Brad DeLong cites Underbelly citing The Economist quoting Richard Thaler:
The [Efficient Capital Markets] hypothesis has two parts, he says: the “no-free-lunch part and the price-is-right part, and if anything the first part has been strengthened as we have learned that some investment strategies are riskier than they look and it really is difficult to beat the market.” The idea that the market price is the right price, however, has been badly dented.
I think this is exactly right. Ever since graduate school I have said that I believe in efficient markets, by which I mean the “no-free-lunch part.” The idea that some people might think that “no free lunch” implied that “prices are right” didn’t even occur to me at the time. My thinking was basically like this: yes there are bubbles, but it’s hard to tell if you are in one, and even if you can tell, you can’t tell how long it will last so you can lose a lot of money betting against it, and even if you have a very long time horizon, who’s to say you won’t be in another bubble when you finally want to sell? Put another way, you may be “right” about an asset price, but if the market is composed of lots and lots of people who are “wrong,” and those people are never going away, what does that get you?
More fundamentally, for an interesting asset like a share of stock (or a house), what does it even mean for a price to be “right?” Sure, ten years later you can see what the dividends have been for ten years and what the stock price is on that date, but that price is no more “right” than any other price; it’s still a collective, irrationality-tainted guess about the future. Future states of the world are not only unknowable right now, they dont’ exist right now, so questions of right and wrong don’t even apply to them. There are just better and worse estimates, and there will never be any way to determine which estimate was better. (Just because things work out a certain way doesn’t imply that that was the most likely outcome.)
I think I’ve beaten this question into the ground recently, so I’ll stop there.
By James Kwak
31 thoughts on “What Is the Efficient Market Hypothesis?”
I would agree with this for 99.9% of the population. However, if you’re a certain investment bank whose name starts with “Gold”, there is such a thing as a “free lunch”. For this certain bank had the foresight and smarts to install its alumni into the highest regulatory positions in the land…and thus now has immense sway in Washington. After reading the expose in the current Rolling Stone on Goldman Sachs, I’ve realized the only thing greater than the greed in that bank is their collective hubris.
It is very doubtful that those who came up with the EMH contemplated a financial system that was entirely back stopped by the federal government. Certainly no free lunches in the big scheme of things.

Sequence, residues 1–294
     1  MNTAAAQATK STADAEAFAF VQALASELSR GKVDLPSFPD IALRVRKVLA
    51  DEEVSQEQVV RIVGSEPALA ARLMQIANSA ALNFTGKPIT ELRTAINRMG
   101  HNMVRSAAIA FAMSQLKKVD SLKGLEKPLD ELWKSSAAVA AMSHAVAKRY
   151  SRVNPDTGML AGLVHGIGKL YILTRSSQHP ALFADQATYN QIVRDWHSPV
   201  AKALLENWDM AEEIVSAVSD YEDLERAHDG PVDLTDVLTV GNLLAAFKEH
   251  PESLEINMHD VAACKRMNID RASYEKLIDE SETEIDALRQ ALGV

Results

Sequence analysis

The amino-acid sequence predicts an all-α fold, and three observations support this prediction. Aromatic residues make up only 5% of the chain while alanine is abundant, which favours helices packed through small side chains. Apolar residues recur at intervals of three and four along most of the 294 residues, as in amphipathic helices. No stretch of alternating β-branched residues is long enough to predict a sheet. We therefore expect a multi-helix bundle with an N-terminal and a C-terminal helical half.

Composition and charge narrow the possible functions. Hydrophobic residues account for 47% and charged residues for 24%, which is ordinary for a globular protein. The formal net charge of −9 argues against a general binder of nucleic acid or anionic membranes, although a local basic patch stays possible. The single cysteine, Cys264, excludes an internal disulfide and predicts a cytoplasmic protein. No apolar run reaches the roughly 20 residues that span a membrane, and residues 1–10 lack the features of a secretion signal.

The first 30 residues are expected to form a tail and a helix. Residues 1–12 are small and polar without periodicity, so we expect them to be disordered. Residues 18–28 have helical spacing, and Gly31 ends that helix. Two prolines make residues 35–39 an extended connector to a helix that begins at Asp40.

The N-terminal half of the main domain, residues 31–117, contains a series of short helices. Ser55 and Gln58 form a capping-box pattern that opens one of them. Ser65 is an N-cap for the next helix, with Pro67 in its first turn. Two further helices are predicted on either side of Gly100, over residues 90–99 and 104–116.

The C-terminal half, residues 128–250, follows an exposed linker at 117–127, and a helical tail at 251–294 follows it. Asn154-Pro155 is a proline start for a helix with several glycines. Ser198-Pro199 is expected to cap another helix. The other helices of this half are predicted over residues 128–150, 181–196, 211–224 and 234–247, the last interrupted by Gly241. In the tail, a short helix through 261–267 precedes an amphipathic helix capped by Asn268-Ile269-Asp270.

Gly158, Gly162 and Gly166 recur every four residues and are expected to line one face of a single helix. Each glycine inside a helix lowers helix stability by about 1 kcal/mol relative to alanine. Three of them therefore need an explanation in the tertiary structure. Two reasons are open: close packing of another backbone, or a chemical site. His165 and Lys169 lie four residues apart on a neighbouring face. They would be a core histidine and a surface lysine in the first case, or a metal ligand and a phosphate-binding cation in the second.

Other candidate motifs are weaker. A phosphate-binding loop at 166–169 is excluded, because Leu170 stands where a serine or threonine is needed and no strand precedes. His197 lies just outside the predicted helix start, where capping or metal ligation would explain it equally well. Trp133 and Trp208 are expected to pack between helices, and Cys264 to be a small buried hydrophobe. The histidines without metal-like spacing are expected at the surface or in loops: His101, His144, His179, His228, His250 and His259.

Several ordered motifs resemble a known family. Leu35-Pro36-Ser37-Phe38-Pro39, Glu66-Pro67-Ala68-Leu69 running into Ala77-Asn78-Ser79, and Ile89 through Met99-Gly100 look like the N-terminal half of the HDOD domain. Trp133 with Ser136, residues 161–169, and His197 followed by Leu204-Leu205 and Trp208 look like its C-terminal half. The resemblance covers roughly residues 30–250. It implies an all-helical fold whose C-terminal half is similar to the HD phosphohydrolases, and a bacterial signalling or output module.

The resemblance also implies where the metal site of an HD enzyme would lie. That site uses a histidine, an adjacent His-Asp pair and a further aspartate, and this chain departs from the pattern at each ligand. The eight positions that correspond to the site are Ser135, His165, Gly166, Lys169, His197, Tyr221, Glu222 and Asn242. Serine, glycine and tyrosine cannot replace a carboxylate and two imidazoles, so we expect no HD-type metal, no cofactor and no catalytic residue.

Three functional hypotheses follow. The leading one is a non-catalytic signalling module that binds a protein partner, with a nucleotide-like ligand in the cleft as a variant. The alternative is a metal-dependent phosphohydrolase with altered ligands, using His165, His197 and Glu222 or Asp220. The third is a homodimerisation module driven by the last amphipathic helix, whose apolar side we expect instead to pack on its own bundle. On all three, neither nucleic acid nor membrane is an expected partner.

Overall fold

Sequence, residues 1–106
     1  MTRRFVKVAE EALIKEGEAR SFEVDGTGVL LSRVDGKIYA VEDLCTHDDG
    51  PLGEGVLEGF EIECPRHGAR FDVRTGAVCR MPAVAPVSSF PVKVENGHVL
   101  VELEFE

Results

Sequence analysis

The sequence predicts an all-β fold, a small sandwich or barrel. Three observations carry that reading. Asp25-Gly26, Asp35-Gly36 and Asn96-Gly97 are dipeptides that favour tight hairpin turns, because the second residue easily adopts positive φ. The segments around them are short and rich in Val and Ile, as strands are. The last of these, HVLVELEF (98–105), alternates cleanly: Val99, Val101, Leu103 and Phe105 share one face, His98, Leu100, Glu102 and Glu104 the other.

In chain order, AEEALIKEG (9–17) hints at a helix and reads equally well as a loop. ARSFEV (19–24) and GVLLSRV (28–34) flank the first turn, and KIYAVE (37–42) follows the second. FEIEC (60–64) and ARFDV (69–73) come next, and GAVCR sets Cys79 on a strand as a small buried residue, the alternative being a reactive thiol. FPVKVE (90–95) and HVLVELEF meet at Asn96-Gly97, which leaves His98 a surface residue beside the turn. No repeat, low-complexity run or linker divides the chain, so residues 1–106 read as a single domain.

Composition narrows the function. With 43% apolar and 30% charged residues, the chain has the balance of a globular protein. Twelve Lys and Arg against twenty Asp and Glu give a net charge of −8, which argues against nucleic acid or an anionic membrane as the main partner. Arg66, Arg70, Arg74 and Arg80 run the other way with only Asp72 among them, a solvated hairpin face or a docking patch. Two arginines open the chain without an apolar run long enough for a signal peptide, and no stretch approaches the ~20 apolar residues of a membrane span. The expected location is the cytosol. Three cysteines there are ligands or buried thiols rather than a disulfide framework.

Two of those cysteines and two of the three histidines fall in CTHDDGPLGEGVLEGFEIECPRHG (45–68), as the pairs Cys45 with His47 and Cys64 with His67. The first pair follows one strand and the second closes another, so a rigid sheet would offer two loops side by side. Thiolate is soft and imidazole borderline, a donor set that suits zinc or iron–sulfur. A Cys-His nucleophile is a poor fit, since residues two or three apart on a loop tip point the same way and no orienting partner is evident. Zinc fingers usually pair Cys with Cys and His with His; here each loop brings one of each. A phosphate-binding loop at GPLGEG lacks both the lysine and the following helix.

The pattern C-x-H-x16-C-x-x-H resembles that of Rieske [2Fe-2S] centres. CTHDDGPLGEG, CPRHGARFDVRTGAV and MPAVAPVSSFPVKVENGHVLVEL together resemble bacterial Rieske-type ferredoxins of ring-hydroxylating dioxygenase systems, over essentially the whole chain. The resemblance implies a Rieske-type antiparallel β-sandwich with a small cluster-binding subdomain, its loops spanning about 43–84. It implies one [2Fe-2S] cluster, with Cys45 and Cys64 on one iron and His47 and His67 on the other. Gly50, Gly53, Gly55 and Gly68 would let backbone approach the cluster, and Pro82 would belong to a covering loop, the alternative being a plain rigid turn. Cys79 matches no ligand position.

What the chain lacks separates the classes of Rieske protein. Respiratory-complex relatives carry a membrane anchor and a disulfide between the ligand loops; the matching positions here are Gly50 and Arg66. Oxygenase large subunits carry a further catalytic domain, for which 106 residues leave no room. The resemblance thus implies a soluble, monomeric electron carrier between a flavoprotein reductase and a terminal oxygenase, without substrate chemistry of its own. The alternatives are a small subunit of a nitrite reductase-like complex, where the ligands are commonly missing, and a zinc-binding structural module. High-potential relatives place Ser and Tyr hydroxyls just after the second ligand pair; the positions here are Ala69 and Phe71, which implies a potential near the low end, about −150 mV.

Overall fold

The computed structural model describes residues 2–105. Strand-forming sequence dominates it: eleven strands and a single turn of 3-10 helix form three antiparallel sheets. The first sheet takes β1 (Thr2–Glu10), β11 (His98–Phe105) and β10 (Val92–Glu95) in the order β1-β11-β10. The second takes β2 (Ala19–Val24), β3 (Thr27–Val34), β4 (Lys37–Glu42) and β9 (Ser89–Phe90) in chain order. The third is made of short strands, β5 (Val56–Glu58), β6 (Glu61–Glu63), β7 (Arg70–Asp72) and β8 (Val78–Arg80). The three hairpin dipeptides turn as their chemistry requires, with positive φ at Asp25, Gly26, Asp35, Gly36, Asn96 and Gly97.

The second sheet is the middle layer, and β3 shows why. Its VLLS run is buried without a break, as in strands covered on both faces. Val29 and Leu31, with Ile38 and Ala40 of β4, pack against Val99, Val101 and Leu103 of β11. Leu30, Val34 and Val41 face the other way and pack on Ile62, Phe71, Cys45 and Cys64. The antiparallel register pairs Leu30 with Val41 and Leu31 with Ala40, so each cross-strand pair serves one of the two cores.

It remains possible that the efficient markets hypothesis would work in a “genuine free market” absent various government policies. The housing bubble developed against the backdrop of “too big to fail” and other government policies that encouraged the bubble.
A better statement would be that either the efficient markets hypothesis has taken a beating in current events or the unstated assumption that the market in question is a “genuine free market”.
The paradox is that policies designed to benefit certain companies or groups of companies are frequently labeled as “free market”, “private sector”, “market based”, “market friendly”, or similar phrases. This hides the reality that the policies are government intervention on behalf of certain companies or groups of companies.
You lost me at the “no free lunch” part.
Because there are bunches of people eating magnificent lunches for free these days.
They work for the few, the proud, the profitable TBTF institutions that risked big during the boom, hedged not enough with AIG and somehow found a way to make other people’s money pay for their bonuses….
A win for Keynes and his theory of not so efficient prices
I’ve always believed that there really are no good or bad decisions in finance and business, only decisions that are made good or bad by subsequent events. All the ‘winners’, of course, believe they were smart, but how many could still say that if events had taken a different course? Well… none.
…There are just better and worse estimates, and there will never be any way to determine which estimate was better. (Just because things work out a certain way doesn’t imply that that was the most likely outcome.)….
Which is why “skin in the game” is absolutely required.
The speculators with 0 down, and the Pig men on Wall Street with OPM, Govt backing, 33% leverage…none had anything to lose.
There is one and only one solution to bubbles – You want to play? Put your neck on the line.